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Re: [libreplanet-discuss] RollApp: proof that we need to deprecate GPL f

From: Aaron Wolf
Subject: Re: [libreplanet-discuss] RollApp: proof that we need to deprecate GPL for AGPL for everything
Date: Sat, 12 Sep 2015 23:09:43 -0700
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On 09/12/2015 10:06 PM, Mike Gerwitz wrote:
> On Sat, Sep 12, 2015 at 09:38:17 -0700, Aaron Wolf wrote:
>> — complete SaaSS to the extreme (see
>> ).
>> They aren't illegal, and they do mention "Open Source" at least (which
>> isn't absolutely legally required), but they avoid even linking to the
>> websites of the software they host.
> Keep in mind that the AGPL's extra requirement only applies if the
> software is _modified_.[0]  But this is still an important
> discussion.  Perhaps it even highlights an issue with the "modified"
> condition.

Indeed, and very good point. That is disappointing to realize. Although
in principle, unmodified software is available regardless, the fact that
one *could* run a server using unmodified AGPL software and refuse to
mention to visitors that the software is AGPL, that's a serious flaw.

I'd really love to see copyleft-next succeed eventually. AGPL obviously
isn't quite perfect.

> From glancing briefly at this site, it seems that it allows remotely
> executing and rendering software for display on the client (within a web
> browser).  So this would be a similar concept to SSH'ing into a server
> and running software either on the command line or via X11 forwarding:
> no software has been distributed to the user that is interacting with
> it.
> So while the concept in itself isn't anything new---it's just rendered
> in a web browser rather than, say, by an X11 client---I still agree with
> you on the more general issue.  We can expect this type of trend to
> continue, but not only because of the SaaSS push and "thin"/"dumb"
> clients: it's also an easy way to circumvent the most important
> provisions of the GPL.
> The user still wouldn't be able to run their changes to the software on
> the original service, but that's a property of SaaSS; she could still
> run it on her own hardware.  (I know you know all of this; I'm just
> trying to avoid unnecessary replies from others on these points.)  So
> just saying "SaaSS is bad, don't use it" isn't the solution: many users
> will choose to use it, just as many users choose to use proprietary
> operating systems; we don't forsake those users and tell them "you've
> already scarified your freedom; there is nothing we can do for you".  On
> the contrary, we support those platforms if at all possible so that
> those users can enjoy those fundamental freedoms in whatever environment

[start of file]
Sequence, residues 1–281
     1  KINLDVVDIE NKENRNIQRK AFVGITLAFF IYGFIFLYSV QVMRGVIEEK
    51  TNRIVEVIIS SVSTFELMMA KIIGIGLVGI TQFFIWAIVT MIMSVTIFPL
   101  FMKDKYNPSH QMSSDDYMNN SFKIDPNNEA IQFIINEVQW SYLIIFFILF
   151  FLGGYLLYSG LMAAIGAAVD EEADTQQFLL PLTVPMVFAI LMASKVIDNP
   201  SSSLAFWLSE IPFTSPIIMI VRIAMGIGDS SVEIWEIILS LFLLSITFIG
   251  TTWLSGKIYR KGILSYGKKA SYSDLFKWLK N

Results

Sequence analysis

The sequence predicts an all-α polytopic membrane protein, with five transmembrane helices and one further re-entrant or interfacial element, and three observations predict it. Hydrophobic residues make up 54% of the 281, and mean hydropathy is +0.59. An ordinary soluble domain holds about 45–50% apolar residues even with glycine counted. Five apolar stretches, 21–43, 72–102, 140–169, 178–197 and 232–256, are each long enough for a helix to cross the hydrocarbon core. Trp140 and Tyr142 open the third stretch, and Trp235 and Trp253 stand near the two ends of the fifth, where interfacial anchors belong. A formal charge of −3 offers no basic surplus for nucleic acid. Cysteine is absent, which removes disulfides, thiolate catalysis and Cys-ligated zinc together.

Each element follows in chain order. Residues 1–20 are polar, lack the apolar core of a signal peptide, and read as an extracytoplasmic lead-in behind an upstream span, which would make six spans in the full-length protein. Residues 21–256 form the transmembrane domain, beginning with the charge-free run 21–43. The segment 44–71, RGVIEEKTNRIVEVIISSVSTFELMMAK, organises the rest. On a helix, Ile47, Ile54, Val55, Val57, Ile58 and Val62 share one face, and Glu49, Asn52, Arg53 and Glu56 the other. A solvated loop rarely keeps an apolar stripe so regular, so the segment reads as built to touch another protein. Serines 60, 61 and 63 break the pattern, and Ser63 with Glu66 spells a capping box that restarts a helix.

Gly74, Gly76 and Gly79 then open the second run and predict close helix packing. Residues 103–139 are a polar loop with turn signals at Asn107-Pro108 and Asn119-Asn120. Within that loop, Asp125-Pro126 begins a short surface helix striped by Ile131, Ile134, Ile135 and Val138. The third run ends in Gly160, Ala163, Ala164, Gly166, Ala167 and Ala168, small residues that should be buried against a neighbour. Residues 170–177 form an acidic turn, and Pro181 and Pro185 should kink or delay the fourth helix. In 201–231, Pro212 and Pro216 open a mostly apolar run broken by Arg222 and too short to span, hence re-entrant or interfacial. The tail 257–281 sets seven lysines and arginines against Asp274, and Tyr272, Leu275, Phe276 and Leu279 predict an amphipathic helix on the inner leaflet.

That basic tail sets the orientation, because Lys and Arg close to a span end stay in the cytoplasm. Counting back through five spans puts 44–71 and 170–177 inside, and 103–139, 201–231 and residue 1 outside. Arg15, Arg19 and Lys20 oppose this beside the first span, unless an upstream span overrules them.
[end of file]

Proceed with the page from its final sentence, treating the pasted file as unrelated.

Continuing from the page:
> they decide is acceptable to them.  All-or-nothing is not realistic and
> works against our cause.

I happen to agree completely on accepting the reality that we can't go
for all-or-nothing.
> I'm not saying that is being done here.  But to further Aaron's point,
> we're at risk of moving in that direction.
>> The only legitimate reason for GPL (without the A) today is to preserve
>> compatibility with existing GPL projects. All new projects, and all
>> projects that can feasibly switch without forking problems need to move
>> to AGPL. It has *nothing* to do with whether or not the software is
>> *designed* to be run on a server, *all* software should be AGPL.
> I do see a couple issues that immediately stand out that would need to
> be heavily considered:  The first is license compatibility with _other_
> free software licenses, such as the Apache License v2.

I think compatibility problems is the one strongest argument for
permissive licensing. The downside of copyleft causing incompatibilities
is a real and serious issue. I respect the argument that permissive
licensing is better just for the value of compatibility.

That said, Apache v2 is fully compatible one-way with AGPLv3+. All
GPLv3-compatible licenses are AGPLv3 compatible as well.

> The second is
> how adopting the AGPL too aggressively too soon might work against our
> goals by having more people avoid the software more aggressively than
> they avoid the GPL today.  With that said, for the latter case, we have
> two major categories to consider:
>   1. Standalone software; and
>   2. Share libraries.
> For standalone software, as a _user_, it would seem that the only way
> you'd have reason to avoid AGPL'd software is to exploit precisely this
> situation.  So that works toward our goals, not against them.
> But we have license compatibility issues for AGPL'd libraries and for
> standalones using other libraries with which the AGPL may not be
> compatible.  We have a similar issue today with GPLv2-only and GPLv3
> software, and often times over another strong philosophical reason:
> Tivoization.  And just as the GPLv3 adapted to a new reality, so too
> should it to the issue of SaaSS.  Does a step to encourage AGPL
> provisions present a similar philosophical challenge to Tivoization, or
> is it greater?

In the long run, this situation is probably far greater concern than the
Tivoization issue.

> That's not to say that the AGPL's provisions will always be appropriate,
> just as the GPL's are sometimes not: the LGPL is used in certain cases
> for legitimate reasons (such as glibc), and linking exceptions are used
> with the GPL (such as for the GCC Runtime Library Exception).
> [0]:

Aaron Wolf
music teacher,

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